Insurance Industry Myths About the Uninsured

by Wendell Potter on June 11th, 2012

Insurers falsely claimed young people were uninsured by choice, don’t believe it.

In 2007, a few months before I left the health insurance industry, I was tasked to write a “white paper” designed to help convince media folks and politicians that the problem of the uninsured wasn’t much of a problem after all. If demographic data was sliced just so, I was expected to write, it was easy to conclude that many of the uninsured — some 46 million at the time — were that way by choice.

I was told to point out, for example, that a significant percentage of people without coverage were in families with annual incomes of $75,000 or more. The implication: That those folks were simply shirking their responsibilities. A crucial fact that I was not to disclose, of course, was that many Americans, including wealthy ones, couldn’t buy coverage at any price because of pre-existing conditions. These are the “untouchables” as far as insurance companies were concerned. (That’s my term, not the industry’s. The underwriters prefer the term “uninsurable.”)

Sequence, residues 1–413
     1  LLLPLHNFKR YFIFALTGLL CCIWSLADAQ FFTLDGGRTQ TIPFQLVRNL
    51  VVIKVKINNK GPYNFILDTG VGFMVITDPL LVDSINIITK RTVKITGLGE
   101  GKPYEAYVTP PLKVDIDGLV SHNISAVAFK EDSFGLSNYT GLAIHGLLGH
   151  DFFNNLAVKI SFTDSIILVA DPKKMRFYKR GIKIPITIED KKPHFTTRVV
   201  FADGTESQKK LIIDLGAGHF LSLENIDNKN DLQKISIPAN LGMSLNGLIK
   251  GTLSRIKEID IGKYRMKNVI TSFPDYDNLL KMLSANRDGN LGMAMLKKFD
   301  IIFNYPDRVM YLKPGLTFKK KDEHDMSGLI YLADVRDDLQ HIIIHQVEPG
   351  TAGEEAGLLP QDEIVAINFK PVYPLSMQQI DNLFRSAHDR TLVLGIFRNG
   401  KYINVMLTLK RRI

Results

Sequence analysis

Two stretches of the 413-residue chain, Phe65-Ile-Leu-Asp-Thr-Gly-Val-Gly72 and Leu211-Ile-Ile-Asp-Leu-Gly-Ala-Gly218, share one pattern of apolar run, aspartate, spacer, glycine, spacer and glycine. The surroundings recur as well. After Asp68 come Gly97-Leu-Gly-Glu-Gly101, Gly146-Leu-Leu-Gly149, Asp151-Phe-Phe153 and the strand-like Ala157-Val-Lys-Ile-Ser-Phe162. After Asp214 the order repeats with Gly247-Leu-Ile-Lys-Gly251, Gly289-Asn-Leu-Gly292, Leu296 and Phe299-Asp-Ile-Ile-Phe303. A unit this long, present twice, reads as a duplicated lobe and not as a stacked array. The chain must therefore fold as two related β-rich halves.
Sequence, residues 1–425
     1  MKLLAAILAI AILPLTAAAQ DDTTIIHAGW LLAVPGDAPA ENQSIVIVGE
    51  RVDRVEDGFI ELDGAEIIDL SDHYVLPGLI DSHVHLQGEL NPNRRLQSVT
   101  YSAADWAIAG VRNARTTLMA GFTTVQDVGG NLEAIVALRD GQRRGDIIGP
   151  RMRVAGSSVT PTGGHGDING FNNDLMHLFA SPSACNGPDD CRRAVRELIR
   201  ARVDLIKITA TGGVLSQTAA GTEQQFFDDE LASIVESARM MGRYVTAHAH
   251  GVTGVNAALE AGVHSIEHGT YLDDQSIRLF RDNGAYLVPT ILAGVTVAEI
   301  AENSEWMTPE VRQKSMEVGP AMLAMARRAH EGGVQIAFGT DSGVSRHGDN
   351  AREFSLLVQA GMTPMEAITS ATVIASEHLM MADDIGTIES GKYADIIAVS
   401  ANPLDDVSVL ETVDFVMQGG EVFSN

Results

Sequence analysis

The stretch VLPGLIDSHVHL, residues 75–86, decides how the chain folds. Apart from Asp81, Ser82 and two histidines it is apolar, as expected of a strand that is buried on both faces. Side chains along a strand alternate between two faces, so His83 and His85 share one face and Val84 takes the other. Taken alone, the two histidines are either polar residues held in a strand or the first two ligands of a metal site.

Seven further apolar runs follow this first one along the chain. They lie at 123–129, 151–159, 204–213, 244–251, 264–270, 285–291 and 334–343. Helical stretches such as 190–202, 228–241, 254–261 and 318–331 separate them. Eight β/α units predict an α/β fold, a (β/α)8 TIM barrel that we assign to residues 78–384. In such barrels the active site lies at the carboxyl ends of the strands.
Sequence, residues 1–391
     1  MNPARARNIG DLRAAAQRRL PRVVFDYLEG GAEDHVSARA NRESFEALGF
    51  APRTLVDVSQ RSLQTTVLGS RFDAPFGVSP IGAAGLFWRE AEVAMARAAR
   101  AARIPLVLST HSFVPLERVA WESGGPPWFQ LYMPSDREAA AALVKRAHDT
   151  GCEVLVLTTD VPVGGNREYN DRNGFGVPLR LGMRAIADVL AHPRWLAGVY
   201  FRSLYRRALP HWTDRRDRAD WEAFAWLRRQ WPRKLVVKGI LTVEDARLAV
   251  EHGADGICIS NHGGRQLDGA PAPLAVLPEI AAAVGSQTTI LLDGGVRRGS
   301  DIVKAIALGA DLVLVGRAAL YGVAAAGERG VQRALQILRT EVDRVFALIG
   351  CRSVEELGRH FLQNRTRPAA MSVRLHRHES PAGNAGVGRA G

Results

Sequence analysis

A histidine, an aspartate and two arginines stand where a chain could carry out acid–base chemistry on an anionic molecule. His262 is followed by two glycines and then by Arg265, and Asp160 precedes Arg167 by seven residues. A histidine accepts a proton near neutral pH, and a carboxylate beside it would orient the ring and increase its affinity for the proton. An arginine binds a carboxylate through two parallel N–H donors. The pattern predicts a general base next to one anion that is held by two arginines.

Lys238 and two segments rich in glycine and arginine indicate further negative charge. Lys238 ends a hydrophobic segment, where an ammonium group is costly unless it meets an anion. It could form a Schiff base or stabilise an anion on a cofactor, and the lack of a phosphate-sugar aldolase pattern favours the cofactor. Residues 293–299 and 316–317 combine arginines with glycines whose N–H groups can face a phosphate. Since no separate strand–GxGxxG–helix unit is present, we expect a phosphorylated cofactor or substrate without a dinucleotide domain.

I also was expected to stress that most young adults — who comprise the largest segment of the uninsured — had chosen to “go naked” because they felt invincible. They simply didn’t want to pay good money for insurance because that cash could better be spent keeping the fridge stocked with Bud Light. To perpetuate that myth, we even came up with a catchy name for those twenty-somethings — the “young invincibles.”

Our message to America: Don’t feel sorry for those irresponsible bums, and by all means don’t let Congress pass any new laws that would require insurers to cover them.